K-12
First-Responder Advocacy Kit

State First-Responder Pages
AL, AK, AZ, AR, CA, CO, CT, DE, FL, GA, HI, ID, IL, IN, IA, KS, KY, LA, ME, MD, MA, MI, MN, MS, MO, MT, NC, ND, NE, NH, NJ, NM, NV, NYOH, OK, OR, PA, RI, SC, SD, TN, TX, UT, VT, VA, WA, WV, WI, WY, Washington DC. Alberta, British Columbia coming soon.


AATF K-12 First-Responder Advocacy Kit
Please read this introduction before you access the state pages.

AATF K-12 advocacy generally treats identified specific and diverse problems associated with French language and culture programs in defined geographic locations. Within that context it seeks to influence public policy and resource allocation decisions of specific political, economic, and social systems and institutions. It generally occurs as a reaction to plans for cutting back on course offerings or the elimination of an entire program, and you do it because you have to. 

Teachers who want to assure the safety of their programs or those of  colleagues must be willing to participate in the defense of these programs, and deal effectively with the following five issues:


Image - 

You are not someone who just teaches French courses at school X. You are part of the French and/or the foreign language "program".

Your program can reflect anything taught in your school, because it allows students to acquire a general communication tool, with literacy and numeracy.

It's not just about France, it's about French speakers, wherever they live and whatever they do.

The population of France is about 67 million, over 2.5 million of whom live in overseas departments. In addition, France has at least 6.5 million direct descendants of immigrants. Add that to France's 5.3 million immigrants and you have a large percentage of the French population not sharing what we have been taught is a traditional French cultural heritage. All together, the 67 million is only about 24% of the world's French-speaking population: 274 million, according to a recent OIF report. And in 2050, when that population reaches 700 million, about 85% will be African. Therefore, French is not any more about France than Spanish is about Spain or English is about England. Your program and its public image must reflect this.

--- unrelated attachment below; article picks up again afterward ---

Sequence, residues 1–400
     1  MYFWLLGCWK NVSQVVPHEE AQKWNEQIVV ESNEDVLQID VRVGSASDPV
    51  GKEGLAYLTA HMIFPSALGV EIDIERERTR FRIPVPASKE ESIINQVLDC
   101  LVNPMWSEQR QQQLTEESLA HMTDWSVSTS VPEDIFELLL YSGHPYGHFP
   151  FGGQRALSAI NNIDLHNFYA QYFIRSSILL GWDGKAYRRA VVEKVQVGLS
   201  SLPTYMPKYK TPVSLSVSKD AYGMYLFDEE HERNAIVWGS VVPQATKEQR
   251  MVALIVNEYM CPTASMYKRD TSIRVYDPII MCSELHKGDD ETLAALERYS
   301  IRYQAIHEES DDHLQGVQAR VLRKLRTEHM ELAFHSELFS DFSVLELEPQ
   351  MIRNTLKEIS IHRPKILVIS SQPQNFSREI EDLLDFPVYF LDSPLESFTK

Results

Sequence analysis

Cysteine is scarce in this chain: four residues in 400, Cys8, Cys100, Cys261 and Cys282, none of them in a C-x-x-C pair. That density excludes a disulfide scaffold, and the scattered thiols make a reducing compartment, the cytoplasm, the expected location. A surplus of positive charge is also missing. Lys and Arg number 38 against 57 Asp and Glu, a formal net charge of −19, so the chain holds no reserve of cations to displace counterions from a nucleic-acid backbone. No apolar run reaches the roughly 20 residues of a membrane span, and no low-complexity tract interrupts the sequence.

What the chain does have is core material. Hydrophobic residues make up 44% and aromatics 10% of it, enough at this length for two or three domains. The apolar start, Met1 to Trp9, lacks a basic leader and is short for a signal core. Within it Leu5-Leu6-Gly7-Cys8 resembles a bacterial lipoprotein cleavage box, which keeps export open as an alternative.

Your students learn and take their knowledge outside the classroom through French Club, service projects, trips, games. etc.

People are aware of your program and the activities of your students through school media, radio/TV, newspapers, your contacts among colleagues, PTA school board or county board members, students, alumni, parents.

The image will be personalized by you, your students, and what you do in your program.

For balanced and consistent quality, you may be interested in the "AATF Exemplary French Program". The ACTFL standards should be given serious and active consideration.


Context  -

This is my school in its district , PTO, local school board, etc.

Anything my school says about itself reflecting interest in the international

School report card

Decision making route in my school and district

Funding: sources and distribution (local & state)

School Image (state report cards, academic rank, % college prep, numbers

The educational structure in my state:  Department and boards of education

Core status of foreign languages. How much required for graduation

Number of foreign languages offered. 

Longevity of French program

French-speaking sister city connection / French-origin place names

Somehow, the context also contains your program and recognizes it's image


Signs of trouble -

No state or district foreign language requirement

Compromise of language requirement (coding as foreign language, KY, TX, OK, FL, NM)

Any major change in state, district  or local education

Erosion or diversion of  tax funding away from schools, lowering of school tax

Current shrinking enrollment trends in French

French dropped in your district's sequence (elementary, middle, high school)

Single-teacher program, where teacher retires, or untenured/uncertified teacher

Difficulty in filling a French position

Introduction of partially funded new programs like Mandarin

Push for online programs or whole-program software like Rosetta Stone

Warning from colleagues, PTO or school board announcement

Mounting complaints from students and parents

School schedule interference with AP, IB or popular elective courses

Share signs of trouble quickly with local allies, and get feedback.


Allies and Connections -

Link from the French  Advocacy Wiki

Accept the idea of finding allies through networking, physically and by social media, and take action.

Your allies should be a regular part of your context.